Project Name: Why Flow-Completion Time is the Right Metric for Congestion Control
Key Result(s): For TCP flows, average flow duration levels off quickly for flow sizes of >2000 packets.
Source(s): Original Paper: Why Flow-Completion Time is the Right Metric for Congestion Control. Nandita Dukkipati, Nick McKeown. ACM CCR January 2006.
The Flow-Completion time paper argues that a vast majority of internet applications care more about their flows’ completion times than instantaneous bandwidth, round-trip-time, or network utilization. But since bandwidth and network utilization are easier to tackle analytically, most papers use those as metrics, despite the fact that it’s not quite the right problem to be solving. Most notably, TCP’s slow-start and AIMD cause short flows to take far, far longer than they should to complete, while simultaneously stealing bandwidth from the flows that need it the most.
We attempted to produce a graph showing the FCT for differing numbers and lengths of flows, and the resulting link utilization. The results should be similar to the TCP results for Figure 2 in the paper. We did not attempt to evaluate XCP, since an implementation was not readily available.
We started with a basic star topology, with many client hosts creating flows to a single server host.
In converting the original paper’s simulation into a virtual mininet experiment, we had to produce a sender and receiver that created the same basic traffic patterns as the simulation. The key characteristic of the simulation was the Pareto-distributed flow lengths. We generate these using the Mersenne Twister random number generator (seeded by the high-resolution timer and the process ID) to generate uniformly distributed random values in the range [0, 1). We then use the inverse CDF of the Pareto distribution (with chosen mean flow length and “shape”) to choose the flow length in packets.
Optimizing Traffic Generation
The need for Pareto-distributed traffic along with the need for precise timing of each flow and flow counts eliminated the possibility of using iperf as the traffic generator. Instead, we opted to roll our own. At first we tried a many-to-one sender-receiver pair, with each sender being responsible for one concurrent flow, and a few receivers sinking as many flows as they could handle, but the per-process overhead of the senders clearly limited the system. We ended up instead with a combined server/client executable, each handling up to 1024 flows (depending on the system). In practice, we keep the number of sending flows to around 10 flows per one client process per host in the network. Data in the flow travels from client to server in order to facilitate more accurate flow completion time and bandwidth measurements. This also enables greater simplicity on the server side, which handles a far greater number of flows per process. In both the server and client mode, multiple flows are multiplexed on a single thread per process using asynchronous sockets and non-blocking syscalls. The resulting traffic generator and receiver is just under 400 lines of C.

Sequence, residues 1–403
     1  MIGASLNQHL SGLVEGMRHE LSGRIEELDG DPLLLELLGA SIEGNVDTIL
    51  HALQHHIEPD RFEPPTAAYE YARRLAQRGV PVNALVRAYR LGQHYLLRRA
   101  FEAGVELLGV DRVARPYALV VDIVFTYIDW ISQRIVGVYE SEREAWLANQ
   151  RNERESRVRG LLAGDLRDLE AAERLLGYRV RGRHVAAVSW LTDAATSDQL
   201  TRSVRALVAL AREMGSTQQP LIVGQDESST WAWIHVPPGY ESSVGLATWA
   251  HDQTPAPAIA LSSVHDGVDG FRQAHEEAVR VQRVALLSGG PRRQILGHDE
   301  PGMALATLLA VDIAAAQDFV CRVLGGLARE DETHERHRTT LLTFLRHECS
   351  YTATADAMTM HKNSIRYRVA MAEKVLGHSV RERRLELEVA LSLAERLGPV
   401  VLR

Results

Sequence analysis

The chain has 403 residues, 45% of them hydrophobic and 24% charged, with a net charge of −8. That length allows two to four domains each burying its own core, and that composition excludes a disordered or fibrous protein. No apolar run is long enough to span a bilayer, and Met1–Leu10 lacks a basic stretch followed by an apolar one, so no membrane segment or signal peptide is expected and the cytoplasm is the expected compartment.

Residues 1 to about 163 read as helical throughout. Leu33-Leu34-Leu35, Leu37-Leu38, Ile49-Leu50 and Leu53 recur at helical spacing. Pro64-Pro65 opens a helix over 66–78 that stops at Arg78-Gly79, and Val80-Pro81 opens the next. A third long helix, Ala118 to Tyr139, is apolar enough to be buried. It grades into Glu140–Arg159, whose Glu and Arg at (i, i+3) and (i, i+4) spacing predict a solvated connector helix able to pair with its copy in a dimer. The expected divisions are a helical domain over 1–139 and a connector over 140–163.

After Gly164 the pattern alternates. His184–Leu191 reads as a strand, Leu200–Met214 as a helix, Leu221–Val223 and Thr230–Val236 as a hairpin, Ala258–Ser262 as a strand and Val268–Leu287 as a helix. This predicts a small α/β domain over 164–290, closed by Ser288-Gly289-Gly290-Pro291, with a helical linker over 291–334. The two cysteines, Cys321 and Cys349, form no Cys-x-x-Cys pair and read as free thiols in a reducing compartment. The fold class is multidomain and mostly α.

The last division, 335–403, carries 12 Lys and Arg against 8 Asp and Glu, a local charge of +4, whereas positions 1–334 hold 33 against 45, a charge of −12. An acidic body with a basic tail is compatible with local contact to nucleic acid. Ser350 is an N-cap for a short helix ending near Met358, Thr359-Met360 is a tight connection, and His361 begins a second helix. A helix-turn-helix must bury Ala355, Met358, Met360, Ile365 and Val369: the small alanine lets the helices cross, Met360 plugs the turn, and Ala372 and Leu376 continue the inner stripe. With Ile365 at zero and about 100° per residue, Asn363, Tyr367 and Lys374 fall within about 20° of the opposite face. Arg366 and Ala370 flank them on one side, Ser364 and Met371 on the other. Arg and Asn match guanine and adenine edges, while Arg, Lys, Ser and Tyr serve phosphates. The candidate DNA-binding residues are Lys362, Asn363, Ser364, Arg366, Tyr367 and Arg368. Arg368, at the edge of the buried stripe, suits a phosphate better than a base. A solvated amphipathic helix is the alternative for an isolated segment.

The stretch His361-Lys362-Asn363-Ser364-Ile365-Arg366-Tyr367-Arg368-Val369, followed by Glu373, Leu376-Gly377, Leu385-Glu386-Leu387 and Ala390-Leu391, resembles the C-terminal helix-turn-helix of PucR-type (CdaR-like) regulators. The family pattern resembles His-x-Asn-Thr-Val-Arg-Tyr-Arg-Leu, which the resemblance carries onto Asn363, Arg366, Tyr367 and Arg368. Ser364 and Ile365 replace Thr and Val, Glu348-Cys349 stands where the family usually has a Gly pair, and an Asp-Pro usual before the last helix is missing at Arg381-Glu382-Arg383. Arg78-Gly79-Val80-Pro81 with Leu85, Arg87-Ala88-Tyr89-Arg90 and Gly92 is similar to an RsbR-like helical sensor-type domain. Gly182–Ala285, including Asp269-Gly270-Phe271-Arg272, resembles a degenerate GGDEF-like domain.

Timing of flows begins when the client attempts a connection, and ends when the client and server have exchanged FIN packets. When a flow ends, the client outputs the length in packets and the time it took for the flow to complete, and then immediately starts a new flow. Thus each client tries to maintain the specified number of concurrent flows at all times. The server meanwhile waits for new connections, tallying and draining the data as it appears. Whenever a connection arrives or finishes, the server prints out a timestamp with the current number of flows. It also prints out the amount of data received once per second to keep track of goodput.
Running the experiment
Running the experiment is a simple matter of creating the star topology in a Mininet-enabled Python script, and creating sufficient instances of our traffic generator with the proper parameters, killing the generators after a chosen amount of time. The resulting data is easy to parse and use to generate graphs. As we were hitting flow registration and expiration bottlenecks in Open vSwitch that Mininet uses (discussed further below), we also polled once a second for CPU usage and the number of active Open vSwitch flows, generating graphs of those as well.
While we gathered results for a number of configurations, varying the total number of active flows, number of hosts, and mean flow length, our most representative results were obtained using 500 active flows spread across 50 hosts, with a 100 Mbps link bandwidth.